Monday, February 04, 2008


Nine people were killed and four were injured in an errant U.S. airstrike southeast of Baghdad, the military said Sunday.
One child was among the dead, and two children were among the injured, said U.S. Army Maj. Brad Leighton. "We offer our condolences to the families of those who were killed in this incident," Leighton said. "We mourn the loss of innocent life."
The news came the same day the military announced that a U.S. soldier was killed by a rocket-propelled grenade Thursday in eastern Baghdad. The identity of the soldier was not released pending notification of next of kin. At least 3,945 American troops have been killed in Iraq since the conflict began in March 2003, according to the independent website

The above is from Garrett Therolf and Saif Hameed's "Errant U.S. airstrike kills 9 in Iraq" (Los Angeles Times). Must have been a "dumb bullets" because we all know those "smart bullets" always hit their target and determine guilt or innocence before hand -- like "smart bombs" -- and never call civilian deaths, right? Martin Fletcher (Times of London) notes:

Even the US figures would make the civilian death toll the highest since last October, when a US air strike killed around a dozen Iraqis, including women and children, near Samarra, north of Baghdad.
In November a leader of one of the 'Awakening Councils' of Concerned Local Citizens claimed US soldiers mistakenly killed dozens of his fighters during a protracted gun battle north of Baghdad. The US military admitted killing 25 men, but insisted they were insurgents.

Click here for the Wikileaks article on the 2005 policy regarding US forces crossing over to Syria and Iran from Iraq. From the summary by Wikileaks:

Classified SECRET consolidated US Forces Rules of Engagement (ROE) for Iraq.
On first reading, the document contains a number of items of interest to the press, including rules about mosque attacks, detention of immams, cross border incursions (including Iran and Syria), the use of mines and riot control agents, terrorist targeting, the destruction of Iraqi government property used by insurgents and even kafkaesque rules for attacks on WMD mobile production labs. Deeper reading by those more familiar with the US-Iraq war is likely to reveal other items of interest, for instance variations in the declaration that Al Quds, the Mahdi Army and armed supporters of Muqtada Al-Sadr are enemies who may be engaged at will.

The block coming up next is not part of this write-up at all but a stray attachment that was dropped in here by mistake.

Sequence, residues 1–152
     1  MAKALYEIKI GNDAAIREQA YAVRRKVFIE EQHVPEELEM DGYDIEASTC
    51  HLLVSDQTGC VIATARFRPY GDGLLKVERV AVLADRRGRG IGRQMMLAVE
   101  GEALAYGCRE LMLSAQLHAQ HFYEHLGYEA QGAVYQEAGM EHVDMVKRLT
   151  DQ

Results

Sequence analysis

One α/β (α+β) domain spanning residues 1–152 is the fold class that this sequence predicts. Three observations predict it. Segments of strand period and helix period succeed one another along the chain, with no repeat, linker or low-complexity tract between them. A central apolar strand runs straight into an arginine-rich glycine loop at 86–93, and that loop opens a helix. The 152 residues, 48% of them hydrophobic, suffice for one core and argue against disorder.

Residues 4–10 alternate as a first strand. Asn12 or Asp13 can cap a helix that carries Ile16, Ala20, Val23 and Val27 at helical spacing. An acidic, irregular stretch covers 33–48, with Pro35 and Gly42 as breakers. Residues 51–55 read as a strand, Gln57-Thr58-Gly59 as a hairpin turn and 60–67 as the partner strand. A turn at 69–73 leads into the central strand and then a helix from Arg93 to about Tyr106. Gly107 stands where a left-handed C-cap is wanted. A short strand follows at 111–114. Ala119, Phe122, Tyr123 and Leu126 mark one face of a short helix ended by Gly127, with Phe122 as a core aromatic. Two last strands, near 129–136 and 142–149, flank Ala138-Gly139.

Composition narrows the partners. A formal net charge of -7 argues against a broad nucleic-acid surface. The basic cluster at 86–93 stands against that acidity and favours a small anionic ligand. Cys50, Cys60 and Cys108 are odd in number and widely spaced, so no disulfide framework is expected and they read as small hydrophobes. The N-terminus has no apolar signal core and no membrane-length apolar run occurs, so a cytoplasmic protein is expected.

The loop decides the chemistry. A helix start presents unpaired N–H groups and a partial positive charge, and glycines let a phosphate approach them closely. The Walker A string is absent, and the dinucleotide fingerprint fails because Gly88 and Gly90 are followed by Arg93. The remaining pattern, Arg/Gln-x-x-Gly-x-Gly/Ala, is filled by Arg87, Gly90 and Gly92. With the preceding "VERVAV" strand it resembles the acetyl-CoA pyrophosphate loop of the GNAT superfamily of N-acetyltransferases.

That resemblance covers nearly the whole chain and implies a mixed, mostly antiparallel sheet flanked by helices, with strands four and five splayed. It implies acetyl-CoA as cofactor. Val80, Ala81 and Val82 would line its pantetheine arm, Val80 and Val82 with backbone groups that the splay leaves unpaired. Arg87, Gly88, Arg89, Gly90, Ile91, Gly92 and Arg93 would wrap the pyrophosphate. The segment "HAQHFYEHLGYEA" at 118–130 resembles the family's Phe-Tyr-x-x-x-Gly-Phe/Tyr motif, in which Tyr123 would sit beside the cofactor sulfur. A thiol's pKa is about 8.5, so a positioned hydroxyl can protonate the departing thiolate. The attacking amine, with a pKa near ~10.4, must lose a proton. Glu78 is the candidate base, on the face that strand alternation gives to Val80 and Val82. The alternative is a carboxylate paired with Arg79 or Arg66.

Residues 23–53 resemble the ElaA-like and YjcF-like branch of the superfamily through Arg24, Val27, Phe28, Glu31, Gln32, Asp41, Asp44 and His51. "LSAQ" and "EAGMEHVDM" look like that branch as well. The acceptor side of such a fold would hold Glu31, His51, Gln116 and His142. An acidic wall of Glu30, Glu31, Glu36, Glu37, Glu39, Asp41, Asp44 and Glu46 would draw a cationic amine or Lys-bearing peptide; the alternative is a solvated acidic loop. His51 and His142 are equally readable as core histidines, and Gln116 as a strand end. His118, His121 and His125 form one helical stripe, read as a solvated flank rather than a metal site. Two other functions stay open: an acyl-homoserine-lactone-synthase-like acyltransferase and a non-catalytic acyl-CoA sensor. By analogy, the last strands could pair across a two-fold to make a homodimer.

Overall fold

The document forms a talking point to most US operations in Iraq and the degree of official sanction for them.

Do not read Michael Gordon's garbage in this morning's New York Times. He and Eric Schmitt not only offer a book report (of a document that they didn't turn up), they poach a story filed in Baghdad (to give it the 'correct' nuances, you understand) when neither is in Baghdad. I'm really getting sick of the US based reporters who 'report' on Iraq by stealing the work of others. Glory hog is not a pretty animal.

When you read Wikileaks' document, grasp again that all the "No War On Iran!" crowd (that can't cover Iraq) were idiots. As we noted a long time ago, the threat for a war with Iran is greater while US forces are in Iraq. Want to stop another war? End the first one.

From Khaled Farhan's "Internal pressure grows on Iraq's Sadr to end truce" (Reuters):

Influential members within the movement loyal to Iraqi cleric Moqtada al-Sadr have told him they do not want his Mehdi Army militia to extend a ceasefire when it expires this month, Sadr's spokesman said on Monday.
The U.S. military says the Shi'ite cleric's announcement on Aug. 29 to freeze the activities of the feared Mehdi Army for six months has been vital to cutting violence. A return to hostilities could seriously jeopardise those security gains.
Sadr has been gauging the mood among senior figures and five main committees had reported back with their views on the truce, Sadr's spokesman Salah al-Ubaidi, one of the cleric's senior officials in the southern holy city of Najaf, told Reuters.

In the New York Times, Thom Shanker reports, " The Pentagon on Monday will unveil its proposed 2009 budget of $515.4 billion. If it is approved in full, annual military spending, when adjusted for inflation, will have reached its highest level since World War II." And Reuters reports, "Iraq has halted oil supplies to Austria's OMV AG in protest over a deal between the company and the Kurdish regional government, Iraq's oil minister said on Friday." This as Reuters also reports the Turkish military sent planes over northern Iraq to bomb three villages today.

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